One Real Simple editor has the bright idea of going under mood lights.
I am not an inherently grouchy person. But I am a New Yorker, with all that implies: harried pace, cramped spaces, overly pressured job, nowhere near enough sleep. I head into my office in the morning and do not emerge until long after what most folks consider dinnertime. The sun is an elusive companion.
So I volunteered to do light therapy. What would a week of sitting under an artificial mood light do for me?
It should be noted right off that I do not conduct this experiment under ideal conditions. I opt to set up the light (Carex Health Brands Day-Light Sky Bright Light Therapy Lamp, $210; amazon.com) on my office desk rather than lug it home, which means that it sits jammed between my computer and my phone. That also means that I won’t be getting my dose of wattage first thing in the morning—and only on weekdays.
Putting the lamp together is easy; five minutes, tops. Its oversized head and bright beam remind me of the powerful lighting rigs on the TV and movie sets that pop up on Manhattan’s streets. I plug away at my work while trying to adjust to the flood of faux sunshine directed at my face. When I hit the off switch a little over half an hour later, the sudden darkness is disconcerting. Mood change? Hard to tell. But I sleep like a baby that night. Though in all fairness, that could also be due to the two glasses of rosé I down at a friend’s dinner party.
I flip the switch of the lamp as soon as I sit down at my desk, but then realize that I need to have cold water at hand to sip on while under the light. Filling up my bottle in the pantry down the hall, I run into a friend. “What are you up to?” she says. “Light therapy,” I say. “Lite therapy?” she says. “What, you talk to the therapist for only, like, half an hour?” We had a giggle. Ah, New Yorkers. We love our therapy.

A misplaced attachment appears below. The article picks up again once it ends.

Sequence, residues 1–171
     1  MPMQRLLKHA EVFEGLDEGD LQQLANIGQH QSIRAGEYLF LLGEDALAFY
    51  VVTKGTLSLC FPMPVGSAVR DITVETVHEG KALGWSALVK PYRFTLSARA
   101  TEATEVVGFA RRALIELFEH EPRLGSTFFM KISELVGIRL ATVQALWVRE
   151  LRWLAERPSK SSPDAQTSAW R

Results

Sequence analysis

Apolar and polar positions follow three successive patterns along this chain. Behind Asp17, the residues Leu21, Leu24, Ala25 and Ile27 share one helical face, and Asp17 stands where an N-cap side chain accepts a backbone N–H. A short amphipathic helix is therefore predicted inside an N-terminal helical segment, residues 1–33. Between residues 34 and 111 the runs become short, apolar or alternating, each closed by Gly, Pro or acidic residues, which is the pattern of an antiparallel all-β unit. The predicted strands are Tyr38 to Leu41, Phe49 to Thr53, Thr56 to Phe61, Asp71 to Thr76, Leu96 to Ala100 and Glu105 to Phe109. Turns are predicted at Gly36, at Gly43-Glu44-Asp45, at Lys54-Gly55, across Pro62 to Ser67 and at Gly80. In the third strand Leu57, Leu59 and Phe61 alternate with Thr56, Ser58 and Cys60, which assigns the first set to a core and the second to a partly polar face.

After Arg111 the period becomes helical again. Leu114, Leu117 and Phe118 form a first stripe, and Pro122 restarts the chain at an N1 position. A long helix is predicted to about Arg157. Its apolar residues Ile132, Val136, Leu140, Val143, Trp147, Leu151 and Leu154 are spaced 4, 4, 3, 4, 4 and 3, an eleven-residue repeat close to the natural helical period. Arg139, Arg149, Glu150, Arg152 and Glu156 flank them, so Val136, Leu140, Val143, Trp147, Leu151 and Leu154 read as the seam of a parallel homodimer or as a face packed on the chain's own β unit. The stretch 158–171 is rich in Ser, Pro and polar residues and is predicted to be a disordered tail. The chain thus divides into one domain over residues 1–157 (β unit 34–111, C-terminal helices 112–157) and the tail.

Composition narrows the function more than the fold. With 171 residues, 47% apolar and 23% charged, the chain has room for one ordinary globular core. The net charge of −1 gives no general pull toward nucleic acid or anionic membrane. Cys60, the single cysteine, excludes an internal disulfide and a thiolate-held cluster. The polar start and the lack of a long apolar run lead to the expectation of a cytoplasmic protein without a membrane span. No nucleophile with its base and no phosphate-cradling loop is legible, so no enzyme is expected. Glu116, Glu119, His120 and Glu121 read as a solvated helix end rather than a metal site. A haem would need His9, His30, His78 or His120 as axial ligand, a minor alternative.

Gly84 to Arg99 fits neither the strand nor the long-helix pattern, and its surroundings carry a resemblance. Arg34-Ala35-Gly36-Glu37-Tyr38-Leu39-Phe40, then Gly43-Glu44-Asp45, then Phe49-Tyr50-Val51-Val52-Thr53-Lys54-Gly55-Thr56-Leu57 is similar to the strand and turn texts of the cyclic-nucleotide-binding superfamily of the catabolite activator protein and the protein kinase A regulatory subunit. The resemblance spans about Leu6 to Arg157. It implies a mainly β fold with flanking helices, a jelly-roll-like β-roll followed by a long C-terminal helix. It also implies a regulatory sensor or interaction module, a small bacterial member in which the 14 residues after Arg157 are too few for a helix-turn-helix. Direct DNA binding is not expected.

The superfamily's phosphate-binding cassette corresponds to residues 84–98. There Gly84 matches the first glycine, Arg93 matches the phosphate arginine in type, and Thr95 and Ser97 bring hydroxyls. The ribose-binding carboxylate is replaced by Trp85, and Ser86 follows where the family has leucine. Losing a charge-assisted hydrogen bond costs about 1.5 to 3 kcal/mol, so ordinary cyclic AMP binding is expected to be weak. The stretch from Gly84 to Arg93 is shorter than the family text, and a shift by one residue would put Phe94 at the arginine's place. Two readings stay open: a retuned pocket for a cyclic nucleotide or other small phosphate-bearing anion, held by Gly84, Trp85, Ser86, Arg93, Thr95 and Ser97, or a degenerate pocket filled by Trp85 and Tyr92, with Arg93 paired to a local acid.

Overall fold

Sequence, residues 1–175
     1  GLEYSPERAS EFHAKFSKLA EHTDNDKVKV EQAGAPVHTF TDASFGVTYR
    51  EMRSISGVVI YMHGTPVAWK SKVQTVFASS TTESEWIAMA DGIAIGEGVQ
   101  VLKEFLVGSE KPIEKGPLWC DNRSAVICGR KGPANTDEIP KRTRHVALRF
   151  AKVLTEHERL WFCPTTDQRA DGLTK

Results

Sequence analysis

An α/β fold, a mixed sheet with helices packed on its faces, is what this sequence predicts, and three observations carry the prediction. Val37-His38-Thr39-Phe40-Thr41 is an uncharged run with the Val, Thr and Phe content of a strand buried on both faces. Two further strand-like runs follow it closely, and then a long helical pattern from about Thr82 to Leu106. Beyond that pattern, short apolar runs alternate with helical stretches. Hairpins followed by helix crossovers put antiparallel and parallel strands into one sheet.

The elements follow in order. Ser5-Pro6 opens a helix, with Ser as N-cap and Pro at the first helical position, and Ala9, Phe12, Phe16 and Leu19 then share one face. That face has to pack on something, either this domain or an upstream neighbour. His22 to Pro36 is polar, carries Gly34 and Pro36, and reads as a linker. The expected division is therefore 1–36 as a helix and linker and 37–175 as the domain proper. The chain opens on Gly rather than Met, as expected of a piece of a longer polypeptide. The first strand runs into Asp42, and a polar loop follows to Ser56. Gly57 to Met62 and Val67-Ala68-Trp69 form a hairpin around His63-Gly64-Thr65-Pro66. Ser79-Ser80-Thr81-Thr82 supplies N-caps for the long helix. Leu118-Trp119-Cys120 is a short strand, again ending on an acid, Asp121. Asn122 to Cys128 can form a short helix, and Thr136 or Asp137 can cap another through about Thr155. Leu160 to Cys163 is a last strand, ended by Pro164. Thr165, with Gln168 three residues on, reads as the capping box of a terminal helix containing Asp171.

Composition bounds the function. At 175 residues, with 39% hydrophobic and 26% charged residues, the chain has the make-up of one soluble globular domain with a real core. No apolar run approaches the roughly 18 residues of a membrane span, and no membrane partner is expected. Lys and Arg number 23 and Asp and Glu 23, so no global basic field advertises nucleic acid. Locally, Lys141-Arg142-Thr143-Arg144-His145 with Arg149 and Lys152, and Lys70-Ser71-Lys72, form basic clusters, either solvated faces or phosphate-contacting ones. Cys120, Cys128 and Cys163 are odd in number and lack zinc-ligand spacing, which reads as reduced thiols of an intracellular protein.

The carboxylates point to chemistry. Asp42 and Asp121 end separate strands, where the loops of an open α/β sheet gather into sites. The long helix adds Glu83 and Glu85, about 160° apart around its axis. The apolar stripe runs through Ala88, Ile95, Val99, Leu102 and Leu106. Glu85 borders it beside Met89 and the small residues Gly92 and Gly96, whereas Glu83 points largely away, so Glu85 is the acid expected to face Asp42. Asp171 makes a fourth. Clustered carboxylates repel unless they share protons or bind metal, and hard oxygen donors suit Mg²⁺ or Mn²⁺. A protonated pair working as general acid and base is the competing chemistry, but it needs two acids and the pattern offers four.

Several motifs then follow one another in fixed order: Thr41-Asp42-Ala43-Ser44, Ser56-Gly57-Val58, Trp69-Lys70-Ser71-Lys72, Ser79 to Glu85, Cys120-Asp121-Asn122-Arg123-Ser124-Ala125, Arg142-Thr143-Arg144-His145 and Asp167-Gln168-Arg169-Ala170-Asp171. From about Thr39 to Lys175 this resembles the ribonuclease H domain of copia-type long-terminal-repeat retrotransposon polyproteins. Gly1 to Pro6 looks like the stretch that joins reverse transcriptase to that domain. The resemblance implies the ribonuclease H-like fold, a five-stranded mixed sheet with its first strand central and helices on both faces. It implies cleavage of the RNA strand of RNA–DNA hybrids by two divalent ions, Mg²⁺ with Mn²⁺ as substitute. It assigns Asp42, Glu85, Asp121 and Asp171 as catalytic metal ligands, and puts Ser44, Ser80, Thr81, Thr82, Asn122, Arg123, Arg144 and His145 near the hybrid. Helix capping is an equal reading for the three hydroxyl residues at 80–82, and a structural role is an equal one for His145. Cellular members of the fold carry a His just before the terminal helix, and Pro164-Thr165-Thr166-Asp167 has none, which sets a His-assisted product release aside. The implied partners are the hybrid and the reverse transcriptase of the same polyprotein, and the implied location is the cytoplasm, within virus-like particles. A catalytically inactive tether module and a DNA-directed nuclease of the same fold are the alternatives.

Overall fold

Back in my office, I settle in under the light, which already seems less intrusive. But when another friend sticks her head in as she passes in the hallway, I think, “Don’t interrupt my light therapy!!! If I talk to you, I have to turn my head, which means the light won’t be beaming into my eyes, which means I’m not getting all the juice I need!!! Talk to me later!!!”
Hmm. I may need more than a week under this thing.
Over the years, I have fallen into some very bad sleep habits. Very bad. Since I rarely get home before 9:30 or so, whether because I’ve gone out after work or because I’ve worked late, I cram a lot into the last few hours of the day. Check the news online. Answer e-mails. Sort mail. Return phone calls. Sometimes even eat dinner. Which is all to say that I generally don’t crawl into bed until midnight, and frequently even an hour or so later. And then I get up at 7:00 and start all over again.
What I noticed the past two nights: I was ready to call an end to the day much earlier, whether I had finished all my usual tasks or not. And I would wake up earlier, too, feeling more refreshed. A fluke? The power of suggestion? We’ll see.
Dear Diary: It happened. I walked to work thinking, “I can’t wait to get under my lamp.” I think we’re starting to develop a real relationship.
I go for three long days without my light, since I took Friday off, but my good mood holds steady. Maybe it was all the frolicking I did in the summer sunshine, maybe it was just my committed mind-set. Or maybe, just maybe, this light is the real deal.
At home late that night, I resolve a billing issue with my phone company calmly and satisfactorily. Repeat: calmly and satisfactorily. And that’s despite three attempts to straighten out the problem, having to retell my story repeatedly, being put on hold for half an hour only to be disconnected… You get the picture. And yet at no time do I feel that my mood is in danger of taking a serious turn southward.
You want to know where things go wrong? I have an appointment I am late for, the subway is delayed, other passengers walk like they have allll theeee timeeee innnn theeee wooooorld. Within minutes I am muttering under my breath and gritting my teeth. Apparently no little light is a match for the New York City transit system.
But I hit the gym before heading home and do my rotation without crabbing once about it (highly unusual; in fact, extraordinary—just ask my trainer). By the time I walk home, equanimity has been restored. All is once again right with the world.
I walk to work humming. Humming. In about half an hour, I’m going to turn off the light, pack it up, send it back to the nice PR folks who allowed me to borrow it, and thus end this experiment. But here’s the ultimate compliment to a test product: Tonight, I’m going to order up one of my very own.